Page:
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What were some major user privacy mistakes made by Facebook?

Answer by Cristina Cordova:

I researched privacy on Facebook heavily from January 2009 through May 2010   for a senior thesis (85 pages of which you can read here if you have lots of free time: The End of Privacy as We Know It?: The Ethics of Privacy on Online Social Networks (scribd.com)). Facebook made many mistakes in regards to user privacy, the most prominent being:

Poor Notification of Privacy Policy Changes:
When Facebook proposed a new version of its privacy policy, it expected users to vote and comment on the changes, yet it made it difficult for users to even find out that there were any proposed changes at all. Users had to go to their messages and then to their updates to find out that anything was changing whatsoever. Users were not alerted with an interstitial or even a notification from their main newsfeed.

Contrast that with any Facebook product update, which receives a much more robust tutorial for users when they sign-in.

Complicated Profile Privacy User Experience:
In 2006, Zuckerberg said “This is the same reason we have built extensive privacy settings - to give you even more control over who you share information with”. Facebook’s robust privacy settings actually made it more difficult for users to execute this control. Take a look at the profile privacy settings from January 2010:
Not quite as simple and easy as uploading a photo, is it? At the time, if a user wanted to block friends from seeing his photos, he would have to change the following settings: “photos and videos of me”, “photo albums” and “posts of me”. If a user selected custom privacy settings, he had the option of sharing information with specific friends or groups of friends, making the process even more complicated as one would have to set up and maintain specific lists or groups of friends who could see particular information. Adding buttons, toggles and drop-down menus only complicated the experience and left users feeling like they had very little control at all. This resulted in users leaving the settings to the default public option, which was in the best interests of Facebook, not its users.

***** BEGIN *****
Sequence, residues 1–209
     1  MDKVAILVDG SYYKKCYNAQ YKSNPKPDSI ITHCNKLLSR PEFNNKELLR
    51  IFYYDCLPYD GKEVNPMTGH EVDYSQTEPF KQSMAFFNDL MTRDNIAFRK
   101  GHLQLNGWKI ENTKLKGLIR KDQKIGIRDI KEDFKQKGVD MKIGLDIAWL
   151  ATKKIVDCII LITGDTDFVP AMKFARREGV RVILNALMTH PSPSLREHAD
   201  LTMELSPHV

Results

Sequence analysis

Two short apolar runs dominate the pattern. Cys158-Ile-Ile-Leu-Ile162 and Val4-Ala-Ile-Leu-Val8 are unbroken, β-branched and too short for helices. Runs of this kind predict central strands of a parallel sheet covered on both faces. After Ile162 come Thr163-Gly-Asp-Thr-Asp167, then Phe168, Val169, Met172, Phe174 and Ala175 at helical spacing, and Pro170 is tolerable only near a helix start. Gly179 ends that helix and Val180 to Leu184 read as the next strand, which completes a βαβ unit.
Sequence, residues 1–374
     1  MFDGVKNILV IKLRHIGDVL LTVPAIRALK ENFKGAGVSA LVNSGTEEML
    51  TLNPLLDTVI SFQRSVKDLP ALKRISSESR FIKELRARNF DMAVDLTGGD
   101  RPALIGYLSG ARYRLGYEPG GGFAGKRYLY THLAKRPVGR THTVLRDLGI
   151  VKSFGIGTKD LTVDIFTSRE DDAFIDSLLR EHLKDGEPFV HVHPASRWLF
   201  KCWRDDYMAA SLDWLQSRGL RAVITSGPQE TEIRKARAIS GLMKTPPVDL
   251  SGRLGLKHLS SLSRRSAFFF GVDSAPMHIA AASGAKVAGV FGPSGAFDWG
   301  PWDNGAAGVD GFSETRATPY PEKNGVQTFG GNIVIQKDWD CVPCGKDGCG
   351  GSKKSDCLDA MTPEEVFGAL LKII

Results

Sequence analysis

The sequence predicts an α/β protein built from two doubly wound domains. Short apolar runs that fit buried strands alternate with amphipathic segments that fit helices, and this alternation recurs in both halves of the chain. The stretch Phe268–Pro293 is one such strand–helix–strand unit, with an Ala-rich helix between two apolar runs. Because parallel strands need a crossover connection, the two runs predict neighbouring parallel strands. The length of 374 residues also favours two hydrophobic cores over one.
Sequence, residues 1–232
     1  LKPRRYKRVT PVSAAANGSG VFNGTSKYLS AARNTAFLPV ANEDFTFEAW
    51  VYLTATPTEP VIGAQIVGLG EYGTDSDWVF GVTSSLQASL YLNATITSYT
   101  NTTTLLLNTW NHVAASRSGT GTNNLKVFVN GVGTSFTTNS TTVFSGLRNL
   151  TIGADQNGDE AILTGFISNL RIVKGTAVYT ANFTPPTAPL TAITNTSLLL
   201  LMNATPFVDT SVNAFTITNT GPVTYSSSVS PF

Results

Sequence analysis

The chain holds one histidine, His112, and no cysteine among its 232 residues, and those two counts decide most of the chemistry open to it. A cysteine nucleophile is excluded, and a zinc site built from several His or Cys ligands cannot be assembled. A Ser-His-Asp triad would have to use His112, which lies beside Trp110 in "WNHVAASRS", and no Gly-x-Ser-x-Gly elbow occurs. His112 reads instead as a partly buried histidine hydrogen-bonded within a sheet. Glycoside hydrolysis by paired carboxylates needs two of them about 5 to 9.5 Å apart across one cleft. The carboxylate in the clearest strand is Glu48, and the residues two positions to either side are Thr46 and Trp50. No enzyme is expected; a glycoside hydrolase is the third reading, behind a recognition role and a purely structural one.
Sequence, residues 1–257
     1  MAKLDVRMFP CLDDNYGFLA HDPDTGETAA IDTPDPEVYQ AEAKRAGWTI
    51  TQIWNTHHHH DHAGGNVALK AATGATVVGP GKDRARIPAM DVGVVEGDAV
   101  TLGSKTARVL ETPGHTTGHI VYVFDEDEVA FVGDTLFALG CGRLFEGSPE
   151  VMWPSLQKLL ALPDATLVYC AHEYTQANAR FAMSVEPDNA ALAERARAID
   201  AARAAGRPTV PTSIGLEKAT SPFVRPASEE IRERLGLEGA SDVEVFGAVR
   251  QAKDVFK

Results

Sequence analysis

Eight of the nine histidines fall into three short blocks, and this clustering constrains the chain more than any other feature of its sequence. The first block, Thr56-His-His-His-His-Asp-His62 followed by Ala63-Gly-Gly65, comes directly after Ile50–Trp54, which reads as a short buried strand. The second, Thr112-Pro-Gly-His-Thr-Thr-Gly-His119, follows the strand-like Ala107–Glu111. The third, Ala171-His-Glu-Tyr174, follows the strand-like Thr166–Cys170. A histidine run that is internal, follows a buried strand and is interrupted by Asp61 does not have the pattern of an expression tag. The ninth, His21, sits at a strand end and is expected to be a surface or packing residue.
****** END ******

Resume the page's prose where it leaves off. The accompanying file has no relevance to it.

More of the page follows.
Application Privacy Issues:
At one point, Facebook gave Zynga access to some (normally private) information from friends of friends of the users that played their games - a clear privacy issue as those users never authorized Zynga to have their information. This led to many of the spammy practices Zynga was known for in its early days.

Beacon:
In 2007, Facebook launched Beacon, an advertising system that send data from external webpages to Facebook. When users would purchase from Overstock, for example, a pop-up like the one below would appear saying that Overstock was sending your purchase information to Facebook:


A user would have about ten seconds before the window would disappear. The information about the purchase would appear on a user’s Facebook wall. Facebook implemented this program as opt-out only. In 2008, a class action lawsuit was filed against Facebook and the third party companies who participated in the program as personal information about users was released to these companies without a user’s permission.
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